The other thing is, no matter how I’ve eaten in my life, whether it’s been extraordinarily healthful, plant based with superfoods or whatever, it’s back in the day when it was just some of the most indulgent foods you could think of, constantly all the time, to get to be the size I was, I’ve always had a lot of challenges with digestion when it comes to gas. So I’d love your insights on that. To me, I’m wondering how much of that could be related to maybe some metaphysical connection, which I’ve been having that pretty much my whole life, even though I have changed my body and what I’ve eaten completely, entirely, multiple times. So those are some of the things that present with me when it comes to food, and eating challenges nowadays.

Marc: Got it. Can I ask how old you are, Joe?

Joe: Yeah, I’m 34.
Marc: Thirty-four. And what kind of work you’re doing in the world?

Joe: I’m a wellness coach, Marc.

Marc: Yay! And how, in your mind, you’re carrying around a pretty big body. How tall are you?

Joe: Five foot ten.
Marc: So, 5’10”. So when you had 160 extra pounds, you had a whole other person almost. When you look back on that time, what do you say to yourself, like, gosh I had that extra weight because…what do you say in your own head about that journey? Why was it there for you?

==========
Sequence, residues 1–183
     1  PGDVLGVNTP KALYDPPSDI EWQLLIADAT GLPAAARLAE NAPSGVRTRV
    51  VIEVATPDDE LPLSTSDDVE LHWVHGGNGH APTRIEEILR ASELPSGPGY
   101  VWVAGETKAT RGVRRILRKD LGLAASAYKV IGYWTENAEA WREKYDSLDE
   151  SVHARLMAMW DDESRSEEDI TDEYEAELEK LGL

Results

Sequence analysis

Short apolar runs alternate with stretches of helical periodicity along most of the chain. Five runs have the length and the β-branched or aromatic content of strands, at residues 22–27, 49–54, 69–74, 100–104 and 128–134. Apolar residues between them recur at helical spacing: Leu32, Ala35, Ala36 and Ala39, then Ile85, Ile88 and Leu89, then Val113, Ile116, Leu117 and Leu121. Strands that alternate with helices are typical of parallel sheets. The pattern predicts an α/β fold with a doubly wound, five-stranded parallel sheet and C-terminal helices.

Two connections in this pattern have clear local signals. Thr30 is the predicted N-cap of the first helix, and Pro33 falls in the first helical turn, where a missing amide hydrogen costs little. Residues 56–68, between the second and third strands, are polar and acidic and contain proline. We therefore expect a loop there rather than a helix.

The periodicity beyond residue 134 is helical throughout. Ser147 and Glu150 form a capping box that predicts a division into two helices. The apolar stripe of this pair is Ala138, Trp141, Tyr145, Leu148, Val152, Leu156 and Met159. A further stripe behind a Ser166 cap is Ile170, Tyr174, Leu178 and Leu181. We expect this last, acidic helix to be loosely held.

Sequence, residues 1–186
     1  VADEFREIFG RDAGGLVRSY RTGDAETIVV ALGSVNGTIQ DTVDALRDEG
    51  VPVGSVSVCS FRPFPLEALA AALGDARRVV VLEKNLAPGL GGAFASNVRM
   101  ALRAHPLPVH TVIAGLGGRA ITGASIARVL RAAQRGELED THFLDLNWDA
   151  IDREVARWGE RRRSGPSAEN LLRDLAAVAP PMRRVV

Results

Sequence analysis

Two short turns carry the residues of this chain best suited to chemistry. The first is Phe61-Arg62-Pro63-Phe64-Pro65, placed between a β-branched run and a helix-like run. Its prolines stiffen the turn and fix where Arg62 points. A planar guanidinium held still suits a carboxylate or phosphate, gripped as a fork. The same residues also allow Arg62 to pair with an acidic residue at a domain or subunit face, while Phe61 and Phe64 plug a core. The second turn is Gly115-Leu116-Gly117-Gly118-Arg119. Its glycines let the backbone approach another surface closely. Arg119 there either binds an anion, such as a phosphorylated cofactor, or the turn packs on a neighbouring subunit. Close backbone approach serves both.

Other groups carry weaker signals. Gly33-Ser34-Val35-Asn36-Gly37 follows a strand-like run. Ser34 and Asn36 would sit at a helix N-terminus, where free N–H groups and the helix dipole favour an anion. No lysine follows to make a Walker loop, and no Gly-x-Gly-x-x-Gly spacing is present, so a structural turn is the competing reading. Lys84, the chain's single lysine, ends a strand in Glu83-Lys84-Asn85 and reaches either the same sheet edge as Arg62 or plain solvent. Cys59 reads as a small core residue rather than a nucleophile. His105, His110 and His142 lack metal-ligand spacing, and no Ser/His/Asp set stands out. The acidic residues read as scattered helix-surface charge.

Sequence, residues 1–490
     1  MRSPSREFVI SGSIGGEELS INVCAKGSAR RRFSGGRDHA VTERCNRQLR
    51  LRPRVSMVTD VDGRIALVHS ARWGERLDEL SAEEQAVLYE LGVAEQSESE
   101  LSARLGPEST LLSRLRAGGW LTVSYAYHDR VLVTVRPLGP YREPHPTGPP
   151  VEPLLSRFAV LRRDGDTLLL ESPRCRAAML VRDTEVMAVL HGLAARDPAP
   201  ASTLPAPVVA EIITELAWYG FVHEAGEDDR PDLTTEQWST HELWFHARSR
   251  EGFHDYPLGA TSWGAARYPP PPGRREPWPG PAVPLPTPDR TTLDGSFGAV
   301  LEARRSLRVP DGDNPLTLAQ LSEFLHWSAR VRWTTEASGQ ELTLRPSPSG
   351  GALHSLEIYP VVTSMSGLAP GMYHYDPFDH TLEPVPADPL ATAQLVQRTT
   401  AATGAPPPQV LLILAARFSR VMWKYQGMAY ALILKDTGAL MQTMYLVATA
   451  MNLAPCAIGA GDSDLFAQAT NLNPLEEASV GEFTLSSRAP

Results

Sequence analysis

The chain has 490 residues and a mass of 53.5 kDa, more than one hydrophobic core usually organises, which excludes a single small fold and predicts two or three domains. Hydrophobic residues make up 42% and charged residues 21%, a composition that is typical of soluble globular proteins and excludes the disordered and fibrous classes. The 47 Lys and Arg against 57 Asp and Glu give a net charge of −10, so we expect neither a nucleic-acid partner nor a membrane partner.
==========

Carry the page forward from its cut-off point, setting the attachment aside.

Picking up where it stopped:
Joe: Yeah man, it’s a long answer but I’ll try and shorten it. I grew up obese. I was overweight from probably 3 years old. And in high school I was over 300 pounds and it was up and down, up and down until mid-20s when I started to make changes.

But really, it was food. Food was my coping skill.

And I lived in a lot of anxiety and fear based thinking that I wasn’t even aware of until I was probably, few years back, 31. And so yeah, it was my main go-to. It was my main way of numbing and controlling, and trying to control the situation around me, was food. So it’s a lot of circumstantial and emotional and family stuff. There’s a lot going on in there that got me to be that big for so long.

Marc: Sure. So, what was happening with you and your parents, if you can sum that up in 4 sentences?

Joe: Sure. My parents are awesome. They are still together now. But when we were young, they didn’t get along. And they fought a lot in front of us. My parents got married and they were both normal size and healthy. And they became obese and raised 3 obese children. So there was just a lot of tension, a lot of discomfort, lack of emotional safety growing up. And so that’s kind of where we all went.

Marc: And how did you lose the weight? Like was it, I tried and I tried, and it didn’t happen, and then one day, wow, I really got on the road. Or I didn’t really try and then one day I did. So just sort of, how did that part look?